We do not have sufficient confidence in these findings to make separate recommendations for cord management by country income, by gestational age, or interval from birth to cord clamping (beyond 30s). We consider that the beneficial effect of delayed clamping in high-income countries is likely to be widely generalizable and should therefore be offered in all settings.

7: Cord management when immediate resuscitation is required

There is insufficient evidence to make any recommendation for cord management in preterm infants who require immediate resuscitation.

Overall justification:

In 2015, the ILCOR Neonatal Task Force stated: “We suggest delayed umbilical cord clamping for preterm infants not requiring immediate resuscitation after birth (weak recommendation, very-low-quality evidence). There is insufficient evidence to recommend an approach to cord clamping for preterm infants who receive resuscitation immediately after birth, because many infants who were at high risk of requiring resuscitation were excluded from or withdrawn from the studies.” An updated review of the evidence does not substantially change this recommendation.

As all critical outcomes but one (survival to discharge with later (delayed) cord clamping versus early clamping) did not show either benefit or harm, we drew our conclusions from that one outcome and the important neonatal outcomes of fewer infants receiving inotropic support, higher hemoglobin and hematocrit concentrations, fewer blood transfusions, and otherwise no evidence of harm for the mother or neonate. Limited subgroup analyses were non-contributory but did not contradict the results of critical or important comparisons.

Two previous systematic reviews {Fogarty 2018 1; Rabe 2019 CD003248} suggest benefits from later (delayed) clamping over early clamping in preterm infants for survival and other outcomes. The systematic review that informed this statement of Consensus on Science with Treatment Recommendations {Seidler 2021 in press} included an additional 11 studies, while removing studies with substantial late preterm populations. All three reviews are in general accord in suggesting that benefits outweigh harms of later (delayed) cord clamping in preterm infants resembling those enrolled in the included trials. A large systematic review derived from individual patient data is underway and may improve the certainty of evidence for some critical and important outcomes. {Seidler 2020 e034595}

It should be noted that in many studies, infants randomized to later (delayed) clamping may have received early clamping if they were thought to require resuscitation. For example, in the largest study {Tarnow-Mordi 2017 2445}, 19.5% (146 of 748) of infants in the later cord clamping group had non-adherence to their allocated study arm because of clinical concern about infant well-being. This is less likely to be the case with intact-cord milking, where the baby is more likely to have received a placental transfusion before the need for resuscitation was determined. We await the results of studies that are underway or planned that examine resuscitation with the cord intact, which may help determine the optimal umbilical cord management for infants at highest risk for mortality and neonatal morbidity.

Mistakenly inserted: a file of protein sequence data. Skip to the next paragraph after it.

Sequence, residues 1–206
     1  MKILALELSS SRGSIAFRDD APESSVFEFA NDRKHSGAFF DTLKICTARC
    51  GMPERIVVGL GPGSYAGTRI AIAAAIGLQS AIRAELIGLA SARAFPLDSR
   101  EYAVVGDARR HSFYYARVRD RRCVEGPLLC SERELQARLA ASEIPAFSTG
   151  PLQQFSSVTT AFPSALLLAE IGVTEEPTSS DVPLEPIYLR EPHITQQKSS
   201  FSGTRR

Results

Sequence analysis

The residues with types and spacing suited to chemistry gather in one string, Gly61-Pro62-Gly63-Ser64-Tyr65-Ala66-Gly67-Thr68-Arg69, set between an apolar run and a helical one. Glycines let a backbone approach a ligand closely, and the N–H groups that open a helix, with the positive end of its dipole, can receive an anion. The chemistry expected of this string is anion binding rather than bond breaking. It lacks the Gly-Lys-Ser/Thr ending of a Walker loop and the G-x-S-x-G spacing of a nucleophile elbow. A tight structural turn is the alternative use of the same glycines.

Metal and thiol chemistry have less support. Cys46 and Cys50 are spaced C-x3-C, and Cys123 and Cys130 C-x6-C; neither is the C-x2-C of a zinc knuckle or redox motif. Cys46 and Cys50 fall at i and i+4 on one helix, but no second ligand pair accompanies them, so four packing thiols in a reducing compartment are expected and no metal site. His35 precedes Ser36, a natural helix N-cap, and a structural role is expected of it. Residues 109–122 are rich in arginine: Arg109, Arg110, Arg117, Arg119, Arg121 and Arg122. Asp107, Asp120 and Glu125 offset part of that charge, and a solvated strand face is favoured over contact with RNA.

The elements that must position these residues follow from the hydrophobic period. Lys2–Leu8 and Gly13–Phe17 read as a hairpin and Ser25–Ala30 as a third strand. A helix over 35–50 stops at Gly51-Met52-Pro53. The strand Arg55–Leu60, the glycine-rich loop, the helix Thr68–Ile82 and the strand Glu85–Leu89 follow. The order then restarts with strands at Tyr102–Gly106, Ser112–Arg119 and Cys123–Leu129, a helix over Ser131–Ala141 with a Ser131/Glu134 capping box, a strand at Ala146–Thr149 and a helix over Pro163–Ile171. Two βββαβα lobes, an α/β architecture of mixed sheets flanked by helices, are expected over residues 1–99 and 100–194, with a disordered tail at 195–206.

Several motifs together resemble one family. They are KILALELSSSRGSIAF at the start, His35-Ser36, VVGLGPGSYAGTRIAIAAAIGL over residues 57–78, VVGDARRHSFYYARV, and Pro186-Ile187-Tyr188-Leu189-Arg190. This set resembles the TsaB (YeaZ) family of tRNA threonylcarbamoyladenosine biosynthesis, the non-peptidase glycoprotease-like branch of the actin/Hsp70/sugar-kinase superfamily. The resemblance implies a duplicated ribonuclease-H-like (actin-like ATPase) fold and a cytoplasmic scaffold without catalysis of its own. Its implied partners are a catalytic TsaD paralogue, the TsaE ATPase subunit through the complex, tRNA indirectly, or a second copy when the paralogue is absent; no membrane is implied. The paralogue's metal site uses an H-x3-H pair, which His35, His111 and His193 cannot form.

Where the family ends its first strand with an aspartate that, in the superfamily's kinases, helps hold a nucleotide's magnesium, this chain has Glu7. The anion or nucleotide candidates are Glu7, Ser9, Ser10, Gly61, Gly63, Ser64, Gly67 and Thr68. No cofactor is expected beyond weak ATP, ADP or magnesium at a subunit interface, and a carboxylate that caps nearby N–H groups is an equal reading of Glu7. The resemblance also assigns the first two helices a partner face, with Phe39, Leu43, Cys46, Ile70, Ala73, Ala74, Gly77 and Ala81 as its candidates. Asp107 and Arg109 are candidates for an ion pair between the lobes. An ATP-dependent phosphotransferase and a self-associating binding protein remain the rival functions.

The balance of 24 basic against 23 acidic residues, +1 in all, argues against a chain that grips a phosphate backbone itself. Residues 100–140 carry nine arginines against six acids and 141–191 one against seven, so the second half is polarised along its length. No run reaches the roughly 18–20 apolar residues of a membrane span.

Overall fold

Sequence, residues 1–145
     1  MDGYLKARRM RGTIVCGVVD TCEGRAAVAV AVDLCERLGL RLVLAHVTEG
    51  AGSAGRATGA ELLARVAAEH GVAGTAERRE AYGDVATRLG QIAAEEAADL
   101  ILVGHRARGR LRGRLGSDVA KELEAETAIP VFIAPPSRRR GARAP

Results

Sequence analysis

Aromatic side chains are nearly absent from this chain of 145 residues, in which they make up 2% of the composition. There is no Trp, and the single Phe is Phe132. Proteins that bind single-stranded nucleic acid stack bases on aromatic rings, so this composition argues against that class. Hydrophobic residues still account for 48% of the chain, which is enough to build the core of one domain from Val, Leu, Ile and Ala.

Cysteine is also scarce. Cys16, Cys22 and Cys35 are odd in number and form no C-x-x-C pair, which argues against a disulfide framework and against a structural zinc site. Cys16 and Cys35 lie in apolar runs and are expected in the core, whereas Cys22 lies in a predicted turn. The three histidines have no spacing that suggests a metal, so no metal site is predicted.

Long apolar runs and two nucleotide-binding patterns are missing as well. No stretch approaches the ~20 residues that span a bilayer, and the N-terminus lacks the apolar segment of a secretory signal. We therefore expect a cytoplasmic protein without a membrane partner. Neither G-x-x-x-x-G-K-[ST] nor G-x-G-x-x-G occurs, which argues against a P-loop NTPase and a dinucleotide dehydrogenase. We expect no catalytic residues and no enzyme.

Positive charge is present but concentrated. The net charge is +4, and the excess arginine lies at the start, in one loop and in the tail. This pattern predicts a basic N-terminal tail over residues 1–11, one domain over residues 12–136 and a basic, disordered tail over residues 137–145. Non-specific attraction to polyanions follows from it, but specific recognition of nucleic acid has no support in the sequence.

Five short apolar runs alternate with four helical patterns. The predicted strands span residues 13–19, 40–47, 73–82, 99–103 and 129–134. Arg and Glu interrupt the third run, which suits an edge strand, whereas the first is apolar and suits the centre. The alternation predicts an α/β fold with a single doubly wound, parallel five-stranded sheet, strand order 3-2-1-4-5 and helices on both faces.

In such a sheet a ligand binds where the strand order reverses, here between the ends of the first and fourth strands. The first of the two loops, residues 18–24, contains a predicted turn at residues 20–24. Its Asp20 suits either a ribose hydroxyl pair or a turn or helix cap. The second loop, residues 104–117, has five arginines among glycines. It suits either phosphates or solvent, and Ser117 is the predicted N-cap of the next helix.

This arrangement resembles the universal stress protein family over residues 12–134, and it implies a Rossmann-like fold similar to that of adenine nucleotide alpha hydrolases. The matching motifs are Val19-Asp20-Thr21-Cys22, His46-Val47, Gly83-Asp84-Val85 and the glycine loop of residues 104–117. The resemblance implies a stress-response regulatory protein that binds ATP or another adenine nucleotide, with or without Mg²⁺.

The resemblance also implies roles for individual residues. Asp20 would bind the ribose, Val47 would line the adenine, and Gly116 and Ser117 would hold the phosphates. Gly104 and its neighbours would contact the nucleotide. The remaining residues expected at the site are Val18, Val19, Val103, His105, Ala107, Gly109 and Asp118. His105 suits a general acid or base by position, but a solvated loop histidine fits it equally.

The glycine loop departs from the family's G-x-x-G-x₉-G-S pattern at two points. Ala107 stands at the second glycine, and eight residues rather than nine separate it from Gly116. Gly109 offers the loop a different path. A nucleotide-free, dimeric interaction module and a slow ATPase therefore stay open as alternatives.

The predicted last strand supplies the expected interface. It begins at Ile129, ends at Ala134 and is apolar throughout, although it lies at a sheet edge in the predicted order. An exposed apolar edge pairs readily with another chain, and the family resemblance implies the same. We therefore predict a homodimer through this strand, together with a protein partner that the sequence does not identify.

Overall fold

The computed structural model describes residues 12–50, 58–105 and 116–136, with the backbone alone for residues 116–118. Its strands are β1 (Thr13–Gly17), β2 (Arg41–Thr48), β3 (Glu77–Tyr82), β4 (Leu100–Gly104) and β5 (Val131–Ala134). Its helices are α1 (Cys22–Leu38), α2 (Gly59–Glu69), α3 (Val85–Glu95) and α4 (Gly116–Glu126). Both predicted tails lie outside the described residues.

With respect to the upper limit of duration of later (delayed) cord clamping, it should be noted that 20 out of 23 studies in comparison 1 intended clamping between 30 and 90 seconds, and 3 studies used a longer time frame of 120 seconds or more.

There is currently insufficient evidence to make a recommendation with respect to cord management for preterm infants who require immediate resuscitation. There is also uncertainty regarding the optimal cord management strategy in deliveries complicated by multiple pregnancies, infants who have major congenital abnormalities, fetal anemia, or other conditions that may impact maternal or fetal well-being at the time of birth. There is also uncertainty regarding optimal cord management in the setting of placental problems including abruption, incision through an anterior placenta, placenta previa, or abnormalities of placental vasculature or insertion. Until more data are available for specific situations such as these, decisions about cord management in the presence of maternal, placental, or fetal complications need to be individualized, based on severity of presentation and clinical assessment of risk to the mother or baby.

The uncertainty of the updated evidence (including its generalisability to infants at highest risk for adverse outcomes) influences the decision to continue to make a ‘weak’ recommendation.

Values, Preferences, and Task Force Insights: Values-preferences-and-task-force-insights

Knowledge Gaps

We identified the following knowledge gaps:

  • There are insufficient data on long-term neurodevelopment outcomes, or any other post-discharge outcomes.
  • There are insufficient data on cord management as a public health strategy to impact child health and development
  • There are insufficient data for cord management among preterm infants who require immediate resuscitation.
  • There are insufficient data for cord management among preterm infants with specific conditions, such as congenital heart or lung disease.
  • The long-term neurodevelopmental outcomes of intact-cord milking in extremely preterm infants is uncertain.
  • The optimal timing of cord clamping is not known, nor is how it should be determined with different maternal or fetal conditions.
  • There are limited numbers of studies of cut-cord milking as a management strategy
  • The impact of cord management on vertical transmission of infectious diseases is uncertain
  • There is a need for widely agreed nomenclature and definition of different interventions including “delayed”, “deferred”, “later”, “optimal”, and “physiological” cord clamping, as well as “milking”, “stripping”, “intact-cord”, and “cut-cord”

Attachments

NLS-787-Preterm-Cord-Management-Et D-table

References

Preterm-cord-management-references



Discussion

GUEST
Michael Malloy
(395 posts)
Somehow this seems terribly unhelpful